CHANCE News 2.21
        (12 December to 31 December 1993)


Prepared by J. Laurie Snell as part of the
CHANCE Course Project supported by the
National Science Foundation and the
New England Consortium for Undergraduate
Science Education.

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   "Statistics are the triumph of the
    quantitative method, and the quantitative
    method is the victory of sterility and death"

                               Hilaire Belloc



>>>>>==========>> John Finn suggested the first item: Taking your Chances: An Explanation of Risk Assessment and the Psychology of Worry Old Farmer's Almanac 1994, 220-222 Jon Vara This is a very nice, brief article about risk. Vara supplies details often left out when people give odds for rare events. For example, when giving the risk of being struck by a small meteorite, he mentions that in 1954 a Mrs. Hodges became the only human confirmed to have been struck by a falling extraterrestrial body. (A dog was killed by a three pound meteorite that fell on Egypt in 1911). In an average year, half a dozen small meteorites strike the Earth close enough to human observers to be recovered, but one's annual risk of being hit by one is estimated to be only one chance in 17 billion. Chances for a globally catastrophic asteroid strike are estimated to be much higher, one chance in 500,000 giving a respectable one chance in 7,000 over a 70 year lifetime. A number of interesting tables are given. For example, a table of risks estimated to increase the probability of a person'sdeath in any year by one chance in a million. From this you learn that traveling by bicycle ten miles, by car 300 miles or by jet 1,000 miles all increase your chance of death by one in a million. <<<========<<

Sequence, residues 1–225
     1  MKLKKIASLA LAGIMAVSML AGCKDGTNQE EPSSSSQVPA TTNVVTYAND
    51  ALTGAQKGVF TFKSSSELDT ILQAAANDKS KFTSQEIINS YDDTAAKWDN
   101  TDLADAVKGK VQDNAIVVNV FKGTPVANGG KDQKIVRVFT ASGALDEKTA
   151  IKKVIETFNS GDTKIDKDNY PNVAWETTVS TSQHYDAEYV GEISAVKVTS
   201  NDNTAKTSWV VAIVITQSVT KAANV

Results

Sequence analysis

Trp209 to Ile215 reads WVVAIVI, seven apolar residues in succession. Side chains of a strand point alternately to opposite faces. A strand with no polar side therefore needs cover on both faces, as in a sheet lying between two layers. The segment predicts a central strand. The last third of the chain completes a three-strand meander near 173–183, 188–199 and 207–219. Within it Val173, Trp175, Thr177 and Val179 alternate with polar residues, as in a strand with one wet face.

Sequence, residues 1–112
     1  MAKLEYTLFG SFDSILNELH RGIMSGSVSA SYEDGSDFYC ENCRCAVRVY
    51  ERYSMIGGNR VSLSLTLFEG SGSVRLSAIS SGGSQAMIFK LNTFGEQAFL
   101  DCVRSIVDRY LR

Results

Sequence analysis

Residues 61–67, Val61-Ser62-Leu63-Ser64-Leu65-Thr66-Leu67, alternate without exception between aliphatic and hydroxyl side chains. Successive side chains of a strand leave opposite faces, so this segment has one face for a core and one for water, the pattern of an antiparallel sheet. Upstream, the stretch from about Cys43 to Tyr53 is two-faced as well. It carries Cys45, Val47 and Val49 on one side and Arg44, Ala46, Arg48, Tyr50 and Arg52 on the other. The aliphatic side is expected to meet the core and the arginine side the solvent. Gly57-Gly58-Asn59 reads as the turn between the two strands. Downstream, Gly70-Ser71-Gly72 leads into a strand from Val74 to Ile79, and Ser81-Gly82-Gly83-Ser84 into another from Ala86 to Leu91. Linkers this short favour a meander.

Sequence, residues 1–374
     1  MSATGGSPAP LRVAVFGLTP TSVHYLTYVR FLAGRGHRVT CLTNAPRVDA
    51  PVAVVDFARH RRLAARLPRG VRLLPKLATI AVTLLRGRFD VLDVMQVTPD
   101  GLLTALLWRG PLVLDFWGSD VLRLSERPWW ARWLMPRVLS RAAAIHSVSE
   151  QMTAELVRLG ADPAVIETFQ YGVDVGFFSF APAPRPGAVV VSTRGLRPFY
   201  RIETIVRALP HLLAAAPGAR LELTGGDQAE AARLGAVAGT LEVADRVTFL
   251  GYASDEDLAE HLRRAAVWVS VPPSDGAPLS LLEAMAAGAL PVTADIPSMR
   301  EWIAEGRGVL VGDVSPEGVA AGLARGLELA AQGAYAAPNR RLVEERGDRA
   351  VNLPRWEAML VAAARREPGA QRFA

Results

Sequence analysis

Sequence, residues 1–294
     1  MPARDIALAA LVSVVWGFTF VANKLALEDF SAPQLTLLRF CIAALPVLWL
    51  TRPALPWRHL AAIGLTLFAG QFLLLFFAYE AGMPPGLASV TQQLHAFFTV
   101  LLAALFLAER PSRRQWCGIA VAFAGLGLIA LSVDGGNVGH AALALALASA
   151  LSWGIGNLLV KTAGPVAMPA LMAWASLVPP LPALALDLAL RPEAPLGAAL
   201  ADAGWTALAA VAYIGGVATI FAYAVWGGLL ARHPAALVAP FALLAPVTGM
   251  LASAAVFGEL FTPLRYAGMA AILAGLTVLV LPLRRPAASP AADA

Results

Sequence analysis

>>>>>==========>> Frazier Will Remain No. 1 in Savvy. The New York Times, 15 December 1993, B14 Harvey Araton In discussing the fact that Frazier was about to lose his record of 14,617 points as a Knick to Ewing, Araton tells the following story: When Frazier was in college, a Southern Illinois Saluki, there was a practice-ending drill that required the five starters to hit 10 free throws consecutively, two apiece, before they could leave. Frazier, the star, was not the highest percentage shooter, nor was he able to focus like the others, who were capable of making 25, even 50, straight. Frazier said that despite this, he was always the last shooter up, gunning for 9 and 10, his teammates' fate in his hands. "By the time they got around to 6 and 7, then 7 and 8, the pressure was starting to mount," he said. "By the time they got to 9 and 10, everybody would be standing there, looking at me, saying, 'You better not miss.' " Matthew Poage pointed out that if they really wanted to get home sooner, they should have let the better free throw shooters go last. <<<========<<